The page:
Summary and book reviews of In Search of a Kingdom by Laurence Bergreen

In Search of a Kingdom

Francis Drake, Elizabeth I, and the Perilous Birth of the British Empire

by Laurence Bergreen

In Search of a Kingdom by Laurence Bergreen X
In Search of a Kingdom by Laurence Bergreen
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  • Published:
    Mar 2021, 464 pages

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Book Reviewed by:
Rose Rankin
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About this Book

Book Summary

In this grand and thrilling narrative, the acclaimed biographer of Magellan, Columbus, and Marco Polo brings alive the singular life and adventures of Sir Francis Drake, the pirate/explorer/admiral whose mastery of the seas during the reign of Queen Elizabeth I changed the course of history.

Before he was secretly dispatched by Queen Elizabeth to circumnavigate the globe, or was called upon to save England from the Spanish Armada, Francis Drake was perhaps the most wanted-–and successful-–pirate ever to sail. Nicknamed "El Draque" by the Spaniards who placed a bounty on his head, the notorious red-haired, hot-tempered Drake pillaged galleons laden with New World gold and silver, stealing a vast fortune for his queen-–and himself. For Elizabeth, Drake made the impossible real, serving as a crucial and brilliantly adaptable instrument of her ambitions to transform England from a third-rate island kingdom into a global imperial power.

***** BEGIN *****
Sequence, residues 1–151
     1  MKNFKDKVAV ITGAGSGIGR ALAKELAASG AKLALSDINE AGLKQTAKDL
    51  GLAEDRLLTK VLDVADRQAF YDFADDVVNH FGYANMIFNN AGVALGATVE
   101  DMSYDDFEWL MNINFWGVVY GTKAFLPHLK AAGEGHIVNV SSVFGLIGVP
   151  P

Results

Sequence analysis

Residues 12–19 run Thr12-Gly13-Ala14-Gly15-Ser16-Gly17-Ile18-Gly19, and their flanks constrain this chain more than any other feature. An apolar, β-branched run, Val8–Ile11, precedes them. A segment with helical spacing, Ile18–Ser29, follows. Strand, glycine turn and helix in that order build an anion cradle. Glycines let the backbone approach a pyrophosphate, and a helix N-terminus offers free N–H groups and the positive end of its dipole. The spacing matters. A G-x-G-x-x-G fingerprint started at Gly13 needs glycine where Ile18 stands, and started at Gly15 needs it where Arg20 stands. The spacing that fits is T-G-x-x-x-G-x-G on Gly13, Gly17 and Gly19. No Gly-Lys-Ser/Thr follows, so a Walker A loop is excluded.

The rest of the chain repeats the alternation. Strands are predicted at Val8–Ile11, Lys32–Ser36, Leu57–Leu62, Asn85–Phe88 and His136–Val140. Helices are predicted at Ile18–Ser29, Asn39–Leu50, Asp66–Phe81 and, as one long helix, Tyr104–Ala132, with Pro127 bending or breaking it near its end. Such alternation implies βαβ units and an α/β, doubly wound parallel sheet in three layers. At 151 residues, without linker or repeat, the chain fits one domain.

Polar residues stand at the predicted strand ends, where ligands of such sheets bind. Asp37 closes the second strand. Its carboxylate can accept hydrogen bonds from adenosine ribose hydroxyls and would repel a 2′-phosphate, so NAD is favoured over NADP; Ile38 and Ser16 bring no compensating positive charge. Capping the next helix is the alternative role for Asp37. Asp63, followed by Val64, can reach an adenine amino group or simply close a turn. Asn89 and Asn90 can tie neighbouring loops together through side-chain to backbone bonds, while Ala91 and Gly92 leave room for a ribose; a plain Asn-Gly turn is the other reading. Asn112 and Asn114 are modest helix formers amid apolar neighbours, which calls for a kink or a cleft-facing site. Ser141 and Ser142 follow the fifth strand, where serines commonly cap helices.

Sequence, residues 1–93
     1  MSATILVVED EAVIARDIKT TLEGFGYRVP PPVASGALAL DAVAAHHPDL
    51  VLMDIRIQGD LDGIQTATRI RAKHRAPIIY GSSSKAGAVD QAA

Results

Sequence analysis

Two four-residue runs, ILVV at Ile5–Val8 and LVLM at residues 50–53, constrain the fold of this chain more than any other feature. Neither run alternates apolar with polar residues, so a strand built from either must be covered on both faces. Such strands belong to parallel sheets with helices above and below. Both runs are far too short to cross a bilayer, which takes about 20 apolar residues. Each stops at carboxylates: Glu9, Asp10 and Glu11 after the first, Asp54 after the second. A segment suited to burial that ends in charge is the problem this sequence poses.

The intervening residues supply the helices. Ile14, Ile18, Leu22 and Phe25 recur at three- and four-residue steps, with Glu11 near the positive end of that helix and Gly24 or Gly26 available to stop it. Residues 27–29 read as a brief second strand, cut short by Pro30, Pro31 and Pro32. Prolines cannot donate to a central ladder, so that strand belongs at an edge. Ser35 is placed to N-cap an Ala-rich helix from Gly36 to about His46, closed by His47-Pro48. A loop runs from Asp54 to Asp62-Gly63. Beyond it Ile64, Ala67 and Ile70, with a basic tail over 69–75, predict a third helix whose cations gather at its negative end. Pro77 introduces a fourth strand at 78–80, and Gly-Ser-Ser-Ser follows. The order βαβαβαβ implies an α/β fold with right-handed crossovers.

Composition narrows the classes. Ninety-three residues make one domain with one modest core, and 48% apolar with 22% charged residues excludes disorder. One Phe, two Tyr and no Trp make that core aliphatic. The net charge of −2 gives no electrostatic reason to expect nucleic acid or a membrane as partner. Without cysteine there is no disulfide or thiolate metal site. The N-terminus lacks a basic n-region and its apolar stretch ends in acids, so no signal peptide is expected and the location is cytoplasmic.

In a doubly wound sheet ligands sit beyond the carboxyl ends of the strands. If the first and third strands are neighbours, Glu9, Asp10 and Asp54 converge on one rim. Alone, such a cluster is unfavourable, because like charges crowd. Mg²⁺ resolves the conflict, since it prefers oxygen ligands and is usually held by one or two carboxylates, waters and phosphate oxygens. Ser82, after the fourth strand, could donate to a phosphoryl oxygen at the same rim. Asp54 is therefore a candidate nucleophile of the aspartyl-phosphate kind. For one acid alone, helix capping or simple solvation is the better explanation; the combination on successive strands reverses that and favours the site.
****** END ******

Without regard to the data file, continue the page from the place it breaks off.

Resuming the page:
In 1580, sailing on Elizabeth's covert orders, Drake became the first captain to circumnavigate the earth successfully. (Ferdinand Magellan had died in his attempt.) Part exploring expedition, part raiding mission, Drake's audacious around-the-world journey in the Golden Hind reached Patagonia, the Pacific Coast of present-day California and Oregon, the Spice Islands, Java, and Africa. Almost a decade later, Elizabeth called upon Drake again. As the devil-may-care vice admiral of the English fleet, Drake dramatically defeated the once-invincible Spanish Armada, spurring the British Empire's ascent and permanently wounding its greatest rival.

The relationship between Drake and Elizabeth is the missing link in our understanding of the rise of the British Empire, and its importance has not been fully described or appreciated. Framed around Drake's key voyages as a window into this crucial moment in British history, In Search of a Kingdom is a rousing adventure narrative entwining epic historical themes with intimate passions.

Book I
The Pirate

Chapter I
The Island and the Empire

On the morning of December 13, 1577, Francis Drake, a pirate and former slaver, ordered his small fleet in Plymouth, England, to weigh anchor. The ships stood out against a bleak background. They were colorfully painted, with billowing sails, and boisterous sailors calling to one another.

Plymouth lies 190 miles southwest of London, surrounded by two ancient rivers, the Plym and the Tamar, both running into Plymouth Sound to form a boundary with the neighboring county, Cornwall. It was a tranquil town, mostly farmland gathering into a peninsula jutting into a bay. Drake, from nearby Devon, made Plymouth his base of operations. The port was recognized for its shipping, and it also served as a hub of the English slave trade. It was not an innocent place. In folklore, Devon harbored witches and the Devil himself.